Prime Minister Shinzo Abe’s decision to extend the state of emergency to all 47 prefectures could be in part because of lessons learned from a three-day national holiday in March, which is believed to have led to a sharp spike in coronavirus infections.

Some experts warn a similar outbreak after the upcoming Golden Week national holiday period in May could spell doom for efforts to contain the virus, which could spread further and overwhelm rural health care systems.

“With the Golden Week (of national holidays) coming up, if another similar surge occurred, that would be the end,” said a member of the government’s expert panel.

Abe said he expanded the scope of the state of emergency ahead of Golden Week to curb travel across the nation.

“The measure is being expanded to all prefectures from the standpoint of keeping to the absolute minimum the movement of people during the (May) series of national holidays,” Abe said when explaining the expansion made on April 16.

Over the course of the March 20 three-day weekend, people in major urban areas were out and about enjoying themselves despite concerns of the coronavirus spreading.

Experts said the sharp increase in new coronavirus infections in April was likely due to the large movement of people in March, given that it usually takes about two weeks between initial infection and a positive test result.

Abe said many cluster infections were likely caused by people moving from urban areas to less populated regions.

The prime minister said he hoped prefectural governors would ask their residents to stay inside their homes as much as possible as one way to prevent the further spread of the coronavirus.

Declaring a state of emergency gives prefectural governors the authority to ask residents and businesses to cut back on outings and business hours.

Abe declared the state of emergency after a meeting with a panel of experts on infectious diseases.

One expert panel member said after the meeting that the March holiday fun resulted in the coronavirus coming back with a vengeance as infections surged across the country in April.

Health ministry data analyzed by The Asahi Shimbun shows a clear difference in infections after Abe declared a state of emergency for seven prefectures on April 7.

The total number of infected individuals in those prefectures on April 15 is more than double the figure for April 7. A similar trend was found in other prefectures that were not yet subject to a state of emergency.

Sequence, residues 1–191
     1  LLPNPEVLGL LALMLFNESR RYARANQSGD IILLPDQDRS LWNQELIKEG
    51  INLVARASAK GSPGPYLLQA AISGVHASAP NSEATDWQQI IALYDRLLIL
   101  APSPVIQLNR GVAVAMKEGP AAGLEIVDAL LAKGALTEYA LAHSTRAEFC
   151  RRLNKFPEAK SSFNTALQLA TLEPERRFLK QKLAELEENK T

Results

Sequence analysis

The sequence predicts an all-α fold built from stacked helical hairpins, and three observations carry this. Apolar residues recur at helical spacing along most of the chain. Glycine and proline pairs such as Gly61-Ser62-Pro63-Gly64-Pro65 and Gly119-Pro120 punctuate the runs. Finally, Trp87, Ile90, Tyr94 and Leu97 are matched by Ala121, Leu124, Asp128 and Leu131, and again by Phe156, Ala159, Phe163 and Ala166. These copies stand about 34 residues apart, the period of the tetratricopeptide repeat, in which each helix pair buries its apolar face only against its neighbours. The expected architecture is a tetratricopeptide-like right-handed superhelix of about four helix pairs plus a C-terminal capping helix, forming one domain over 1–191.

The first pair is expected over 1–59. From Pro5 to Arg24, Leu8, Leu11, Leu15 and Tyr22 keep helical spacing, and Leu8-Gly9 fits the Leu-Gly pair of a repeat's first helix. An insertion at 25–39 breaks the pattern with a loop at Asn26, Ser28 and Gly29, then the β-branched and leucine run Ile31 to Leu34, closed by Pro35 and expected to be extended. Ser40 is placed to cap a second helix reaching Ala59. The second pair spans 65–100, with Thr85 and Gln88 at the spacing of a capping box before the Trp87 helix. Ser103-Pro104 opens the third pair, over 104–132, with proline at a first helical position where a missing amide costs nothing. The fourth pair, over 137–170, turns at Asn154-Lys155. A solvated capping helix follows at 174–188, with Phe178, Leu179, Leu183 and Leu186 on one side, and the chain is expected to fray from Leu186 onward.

But the rate that infections were increasing varied by region. In the five prefectures of Yamagata, Shizuoka, Hiroshima, Kagawa and Okinawa, new cases doubled within four days.

One cause of the spread of the coronavirus in rural regions is infected individuals traveling there from major urban areas.

A man living in Tokyo returned to his family home in the Tohoku region and then tested positive for the virus. That led to another dozen or so new infections, as the man’s family and friends were part of a cluster infection.

Even a slight increase in infections could have devastating effects on the medical systems in less populated prefectures.

“There are many areas outside of Tokyo that have very fragile medical care structures,” said Nobuhiko Okabe, director-general of the Kawasaki City Institute for Public Health, and a member of the government’s expert panel.

Some other experts were divided over the timing of expanding the state of emergency to the entire nation, a move that could hurt the economy.

“Rural areas do not have many hospital beds to begin with,” said Reiko Saito, a professor of public health at Niigata University. “So, if infections spread within a core medical institution in the prefecture, the possibility would arise of that prefecture losing its ability to accept new patients.”

She added the latest move should lead people around the nation to take greater efforts to prevent the virus from spreading.

But Satoshi Hori, a professor specializing in controlling infections at Juntendo University, questioned expanding the state of emergency to the entire nation, since that would have even greater negative economic effects.

“Unless the spread of infections in major urban areas, such as Tokyo, is controlled, the coronavirus will end up spreading to other regions,” he said.